The IDPU communicates with the spacecraft via SpaceWire (SpW). The SpW interface makes use of a controller
implemented in FPGA and external physical-layer transceivers. The SpaceWire can be used to communicate with the
spacecraft via two links. After power on or SpW restart a connection on both: prime and redundant SpW links are tried to
be established. After the connection is established only one of the SpW links is active at a time. The prime SpW’s drivers
and buffers are located on the main FPGA’s PCB and the redundant SpW’s drivers and buffers are located on the
redundant FPGA PCB. The cross-strapping is done between the main and redundant IDPUs and the main and redundant
SpW, thus SpaceWire operates in warm redundancy concept. It means that if one link fails there is no need to switch the
IDPU to the redundant unit.
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Figure 13. Redundancy concept of STIX and IDPU.
Proc. of SPIE Vol. 8454 84540K-9
The Power Supply Unit (PSU) delivers a set of low and high voltages to the STIX. The low voltage part of the PSU
works in cold redundancy concept. It is divided into two identical parts – nominal part and redundant part. These parts
have separate circuitry, including connectors and input and output blocks.
The nominal low voltage source (LV) is connected to the main IDPU only. Analogously the redundant source is
connected only to the redundant IDPU, thus there is no cross-coupling between these two sources and IDPUs.
The high voltage part (HV) operates in warm redundancy concept. It consists of two identical voltage sources that work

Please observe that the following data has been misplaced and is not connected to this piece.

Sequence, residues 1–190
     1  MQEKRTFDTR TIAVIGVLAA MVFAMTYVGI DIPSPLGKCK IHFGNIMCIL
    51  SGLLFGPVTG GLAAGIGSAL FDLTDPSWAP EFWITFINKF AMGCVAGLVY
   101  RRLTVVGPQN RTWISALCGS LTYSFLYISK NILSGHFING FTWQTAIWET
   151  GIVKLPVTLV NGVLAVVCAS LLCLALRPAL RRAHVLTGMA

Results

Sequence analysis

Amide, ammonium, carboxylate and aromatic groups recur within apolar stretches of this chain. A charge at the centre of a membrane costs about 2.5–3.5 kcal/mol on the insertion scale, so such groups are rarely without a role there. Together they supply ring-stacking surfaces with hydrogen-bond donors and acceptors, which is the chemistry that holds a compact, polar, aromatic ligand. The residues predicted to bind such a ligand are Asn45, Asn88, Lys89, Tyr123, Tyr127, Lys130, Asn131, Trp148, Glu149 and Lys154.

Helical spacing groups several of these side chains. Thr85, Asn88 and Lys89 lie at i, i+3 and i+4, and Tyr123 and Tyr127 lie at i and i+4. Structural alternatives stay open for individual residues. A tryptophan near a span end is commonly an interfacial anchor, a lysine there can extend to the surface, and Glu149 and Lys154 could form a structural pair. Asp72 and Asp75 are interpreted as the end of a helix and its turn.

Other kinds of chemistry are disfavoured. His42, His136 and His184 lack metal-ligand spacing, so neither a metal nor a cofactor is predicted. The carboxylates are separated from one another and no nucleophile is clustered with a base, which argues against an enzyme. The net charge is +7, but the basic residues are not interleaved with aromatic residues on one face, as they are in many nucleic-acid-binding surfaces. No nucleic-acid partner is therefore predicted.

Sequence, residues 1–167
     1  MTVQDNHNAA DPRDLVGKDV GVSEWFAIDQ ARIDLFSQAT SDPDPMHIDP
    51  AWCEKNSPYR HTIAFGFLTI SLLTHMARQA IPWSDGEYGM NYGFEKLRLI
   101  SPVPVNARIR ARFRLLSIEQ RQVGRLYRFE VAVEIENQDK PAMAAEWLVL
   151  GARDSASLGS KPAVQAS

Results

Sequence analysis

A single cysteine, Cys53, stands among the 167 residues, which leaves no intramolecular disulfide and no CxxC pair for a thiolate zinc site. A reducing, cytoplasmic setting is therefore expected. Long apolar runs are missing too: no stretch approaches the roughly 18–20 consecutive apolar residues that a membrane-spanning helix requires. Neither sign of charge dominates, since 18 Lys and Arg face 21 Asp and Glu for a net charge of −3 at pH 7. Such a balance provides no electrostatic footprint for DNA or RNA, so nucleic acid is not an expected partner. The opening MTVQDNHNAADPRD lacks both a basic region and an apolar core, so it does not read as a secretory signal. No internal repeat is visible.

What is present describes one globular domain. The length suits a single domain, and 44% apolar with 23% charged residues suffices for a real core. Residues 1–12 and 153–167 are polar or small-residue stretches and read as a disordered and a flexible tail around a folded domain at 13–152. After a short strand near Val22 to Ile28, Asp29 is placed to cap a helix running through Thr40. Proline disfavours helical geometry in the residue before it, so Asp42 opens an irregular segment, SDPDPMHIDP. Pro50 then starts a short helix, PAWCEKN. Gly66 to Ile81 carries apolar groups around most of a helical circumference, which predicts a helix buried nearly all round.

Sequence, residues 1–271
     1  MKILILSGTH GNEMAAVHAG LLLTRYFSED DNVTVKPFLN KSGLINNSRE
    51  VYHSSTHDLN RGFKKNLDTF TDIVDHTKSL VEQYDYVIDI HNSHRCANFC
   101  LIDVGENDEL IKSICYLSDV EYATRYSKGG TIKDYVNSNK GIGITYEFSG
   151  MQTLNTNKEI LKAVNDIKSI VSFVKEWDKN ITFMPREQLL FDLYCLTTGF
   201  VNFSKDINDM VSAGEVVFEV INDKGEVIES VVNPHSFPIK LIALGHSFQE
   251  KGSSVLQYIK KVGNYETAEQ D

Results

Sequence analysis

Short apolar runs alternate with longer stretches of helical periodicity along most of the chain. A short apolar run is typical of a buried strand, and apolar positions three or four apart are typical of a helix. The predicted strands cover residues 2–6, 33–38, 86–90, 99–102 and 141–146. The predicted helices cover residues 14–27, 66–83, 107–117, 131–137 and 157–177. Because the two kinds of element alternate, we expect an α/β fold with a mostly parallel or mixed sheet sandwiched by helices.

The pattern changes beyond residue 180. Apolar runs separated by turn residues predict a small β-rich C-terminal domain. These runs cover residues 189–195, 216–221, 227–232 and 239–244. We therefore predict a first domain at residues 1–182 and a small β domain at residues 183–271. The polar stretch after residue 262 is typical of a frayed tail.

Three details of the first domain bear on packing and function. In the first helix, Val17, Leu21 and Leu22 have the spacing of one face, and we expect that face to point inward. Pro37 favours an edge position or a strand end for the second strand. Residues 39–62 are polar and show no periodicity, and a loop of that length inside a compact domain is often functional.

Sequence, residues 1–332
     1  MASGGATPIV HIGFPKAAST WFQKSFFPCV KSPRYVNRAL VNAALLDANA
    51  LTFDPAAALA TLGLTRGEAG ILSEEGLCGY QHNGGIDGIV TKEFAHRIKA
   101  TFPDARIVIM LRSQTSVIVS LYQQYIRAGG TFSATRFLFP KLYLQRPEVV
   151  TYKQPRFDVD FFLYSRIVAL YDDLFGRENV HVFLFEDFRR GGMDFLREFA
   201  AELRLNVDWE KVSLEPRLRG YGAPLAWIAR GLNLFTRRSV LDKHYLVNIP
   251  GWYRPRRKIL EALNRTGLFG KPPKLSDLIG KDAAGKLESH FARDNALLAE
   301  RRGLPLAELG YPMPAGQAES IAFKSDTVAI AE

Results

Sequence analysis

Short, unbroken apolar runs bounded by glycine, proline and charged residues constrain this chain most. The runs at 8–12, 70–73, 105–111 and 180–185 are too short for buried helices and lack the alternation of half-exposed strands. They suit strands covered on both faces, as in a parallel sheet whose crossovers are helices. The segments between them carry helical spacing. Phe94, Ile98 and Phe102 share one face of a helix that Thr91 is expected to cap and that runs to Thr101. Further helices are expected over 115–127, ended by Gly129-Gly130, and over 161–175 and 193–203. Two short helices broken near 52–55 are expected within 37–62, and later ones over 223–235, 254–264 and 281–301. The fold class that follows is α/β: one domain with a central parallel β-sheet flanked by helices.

in parallel. Each single HV supplies 16 detectors.
The PSU is fully controlled by IDPU. The IDPU sets the high voltage levels. It decides whether the PSU should deliver
not only the essential but also the non-essential voltages, for example used by ASICs or Aspect System. The PSU
provided normalized analog signals to IDPU as well. On the IDPU side, those signals are connected to the housekeeping
analog to digital converters to measure currents and voltages generated by PSU.
ELECTRICAL GROUND SUPPORT EQUIPMENT
The Electrical Ground Support Equipment (EGSE) is not a physical subsystem of the instrument, but is used to perform
functional testing of STIX and its subsystems, including IDPU. It allows making analysis of instrument housekeeping
data with appropriate displays and warning messages and provision for transitioning to a safe mode if necessary,
simulation of the Solid State Mass Memory of Solar Orbiter On Board Computer, control and display of CdTe detector
array performance and emulation of realistic detector signals. EGSE is proposed for various levels of the STIX
instrument development: at subsystems tests in different places, STIX engineering tests and calibration activities, STIX